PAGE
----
Monday, June 26, 2023

Filth on Main Street, from The Independent, June 20 1925

Prompted by my men's adventure maniac Bob's comment on the last post of Arts Pictorial Monthly, I thought of an article I've had sitting in my blog folder for years that's a reaction to the proliferation of risque magazines on the stands and sort of a reporter's eye on the newsstand trends of the decade.  Mind you, I'm likely to savage the poor writer when we're done, but it's a neat article.  I'm not sure why I sought it out, but it was likely in someone's notes in something I'd read, so props to the initial researcher if you know what I mean.  I'm putting up a mix from two sources.  I have a scan of photocopies that I'm not sure if they are my own from a visit to a university library or found elsewhere.  But since I last went looking, a nice run of microfilm of the magazine the article comes from, The Independent, has been put up at the IA, including the June 20th 1925 issue.  I'm mixing the photocopy pages, which represent the art better (if still shoddily), with the microfilm's text pages.  Not an ideal 'scan' by any means, but the .cbr is here, and I'll post the whole thing (AS UNREADABLE THOUGH IT MAY BE ON GOOGLE BLOGGER 😝 BUT CLICK THE IMAGES AT LEAST FOR A BETTER VIEW) right here below.  The opening editorial cartoon


From Edmund Duffy, who may have spent some time at the dump like myself, as he draws a convincing trash heap in a very graphic style.  Duffy would go on to greater things in his career covering the Scopes Trial with Mencken and later winning the Pulitzer a whopping three times. Sir, I'll take a Dirt, the Vile Stories and a copy of True Filth, please, and a tootsie roll.  Telling Tales was an actual pulp (and a barely naughty one at that), but we'll see it again in a second.  Here's Frank Keith's "Filth on Main Street."  I'll withhold my snarky comments until the end with the exception of the graphics page.

"Selected from an average new stand" by a gentleman with extraordinarily good taste I might add.  I'd like to blog on each an every one of these magazines at some point (though maybe not these particular issues). For now I'd note that it's a particularly mild collection of magazines.  French Frolics largely reprinted material from La Vie Parisienne (or in imitation of that mode) and Red Pepper is a barely risque joke magazine (also swiping material from LVP).  Paris Nights is one I plan to talk a lot about in the near future and is perhaps the most risque on this page with still clothed starlets on photo pages and some nude illustration.  The rest are very basically romance pulps - the center title "Breezy" is a good term for the genre which is pretty distinct from the girlie pulps, even though all of these magazines often get lumped in with the racier illustration and peppy story variety of magazine. But let's see if I can't dig in the archives and hit these puppies.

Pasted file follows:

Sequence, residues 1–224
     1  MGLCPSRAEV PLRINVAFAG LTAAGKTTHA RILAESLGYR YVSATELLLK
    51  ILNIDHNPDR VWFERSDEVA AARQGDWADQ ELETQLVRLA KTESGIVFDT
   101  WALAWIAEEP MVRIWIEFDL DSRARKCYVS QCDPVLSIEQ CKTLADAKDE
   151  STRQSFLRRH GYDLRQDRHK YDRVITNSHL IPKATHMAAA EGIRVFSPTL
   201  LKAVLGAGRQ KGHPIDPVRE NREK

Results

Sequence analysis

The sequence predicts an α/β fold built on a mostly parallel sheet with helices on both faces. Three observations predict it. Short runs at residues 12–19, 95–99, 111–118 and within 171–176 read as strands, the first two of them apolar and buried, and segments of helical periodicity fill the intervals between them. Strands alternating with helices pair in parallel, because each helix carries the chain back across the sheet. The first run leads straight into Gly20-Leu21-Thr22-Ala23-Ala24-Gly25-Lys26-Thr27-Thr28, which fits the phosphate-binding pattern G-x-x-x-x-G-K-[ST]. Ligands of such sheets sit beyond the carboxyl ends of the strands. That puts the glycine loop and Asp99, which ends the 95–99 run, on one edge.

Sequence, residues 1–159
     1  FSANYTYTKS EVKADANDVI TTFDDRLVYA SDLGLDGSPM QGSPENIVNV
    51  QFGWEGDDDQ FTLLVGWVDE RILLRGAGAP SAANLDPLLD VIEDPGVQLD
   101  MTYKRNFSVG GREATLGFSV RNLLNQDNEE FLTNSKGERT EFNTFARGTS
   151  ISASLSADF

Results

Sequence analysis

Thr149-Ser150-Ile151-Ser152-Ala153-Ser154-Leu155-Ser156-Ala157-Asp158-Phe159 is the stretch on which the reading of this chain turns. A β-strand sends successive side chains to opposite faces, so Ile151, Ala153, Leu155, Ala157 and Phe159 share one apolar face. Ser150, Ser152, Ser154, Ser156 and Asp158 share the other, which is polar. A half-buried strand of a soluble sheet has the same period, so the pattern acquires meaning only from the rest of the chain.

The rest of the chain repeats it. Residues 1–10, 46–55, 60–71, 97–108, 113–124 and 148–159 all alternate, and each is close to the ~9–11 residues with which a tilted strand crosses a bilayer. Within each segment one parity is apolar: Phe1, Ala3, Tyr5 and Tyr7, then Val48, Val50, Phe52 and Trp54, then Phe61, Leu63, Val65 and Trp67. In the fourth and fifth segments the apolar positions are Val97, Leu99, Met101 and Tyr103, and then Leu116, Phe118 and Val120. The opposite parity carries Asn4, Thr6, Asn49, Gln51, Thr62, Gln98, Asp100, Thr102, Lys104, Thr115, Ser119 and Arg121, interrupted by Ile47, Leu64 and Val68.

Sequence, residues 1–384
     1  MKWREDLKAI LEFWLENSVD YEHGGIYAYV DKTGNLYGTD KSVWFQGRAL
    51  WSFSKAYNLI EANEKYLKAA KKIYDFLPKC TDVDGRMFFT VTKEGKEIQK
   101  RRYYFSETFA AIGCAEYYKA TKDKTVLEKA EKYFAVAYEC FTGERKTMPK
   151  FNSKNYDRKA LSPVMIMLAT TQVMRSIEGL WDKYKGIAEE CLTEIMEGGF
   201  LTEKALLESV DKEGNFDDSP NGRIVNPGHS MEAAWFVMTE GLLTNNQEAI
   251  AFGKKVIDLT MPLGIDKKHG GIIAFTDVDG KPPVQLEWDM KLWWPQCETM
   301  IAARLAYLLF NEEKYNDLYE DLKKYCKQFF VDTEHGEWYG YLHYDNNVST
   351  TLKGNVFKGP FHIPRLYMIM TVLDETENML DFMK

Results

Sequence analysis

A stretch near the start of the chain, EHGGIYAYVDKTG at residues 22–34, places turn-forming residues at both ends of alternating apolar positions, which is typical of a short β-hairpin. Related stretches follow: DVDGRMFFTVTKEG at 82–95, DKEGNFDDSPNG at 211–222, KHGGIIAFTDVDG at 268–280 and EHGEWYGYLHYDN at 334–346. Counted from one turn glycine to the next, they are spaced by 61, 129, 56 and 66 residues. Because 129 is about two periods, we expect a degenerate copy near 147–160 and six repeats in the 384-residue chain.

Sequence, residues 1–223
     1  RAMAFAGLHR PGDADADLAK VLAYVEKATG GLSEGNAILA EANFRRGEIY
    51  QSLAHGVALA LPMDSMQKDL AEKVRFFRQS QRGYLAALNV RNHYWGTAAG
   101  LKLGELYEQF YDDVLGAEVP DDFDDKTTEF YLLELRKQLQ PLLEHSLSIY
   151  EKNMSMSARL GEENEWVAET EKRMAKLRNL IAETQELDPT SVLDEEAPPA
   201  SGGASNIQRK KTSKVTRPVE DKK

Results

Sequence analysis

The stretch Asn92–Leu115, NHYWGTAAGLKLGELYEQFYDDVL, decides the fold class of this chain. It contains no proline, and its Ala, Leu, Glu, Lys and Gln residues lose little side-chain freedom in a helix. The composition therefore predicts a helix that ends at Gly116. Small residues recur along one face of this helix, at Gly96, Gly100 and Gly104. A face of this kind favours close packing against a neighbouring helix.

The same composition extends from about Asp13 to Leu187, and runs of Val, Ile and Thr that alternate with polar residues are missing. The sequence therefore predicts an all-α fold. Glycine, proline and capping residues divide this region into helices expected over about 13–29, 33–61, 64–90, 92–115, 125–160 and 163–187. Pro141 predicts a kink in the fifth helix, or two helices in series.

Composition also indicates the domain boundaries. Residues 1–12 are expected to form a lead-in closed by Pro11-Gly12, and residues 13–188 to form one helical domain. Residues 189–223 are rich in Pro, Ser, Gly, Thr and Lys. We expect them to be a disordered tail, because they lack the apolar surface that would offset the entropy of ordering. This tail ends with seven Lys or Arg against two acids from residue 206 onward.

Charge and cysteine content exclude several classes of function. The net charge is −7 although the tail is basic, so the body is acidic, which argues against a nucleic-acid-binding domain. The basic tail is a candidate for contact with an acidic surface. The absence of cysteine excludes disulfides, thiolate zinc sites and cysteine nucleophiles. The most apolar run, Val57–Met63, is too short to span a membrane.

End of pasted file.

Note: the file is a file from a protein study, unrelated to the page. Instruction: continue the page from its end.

French Frolics v01n04 (La Vie Parisienne) April Fool Number (1925-04) cover after Herouard (maybe Dash).  From my own collection.  I'm sticking this on the pull list to scan, as I'd like to take a look at the original this artist has copied from and post a few mags that pretty directly crib pages from LVP. 

 Red Pepper v01n12 (1925-06) cover Jack Neal.  Also from my collection.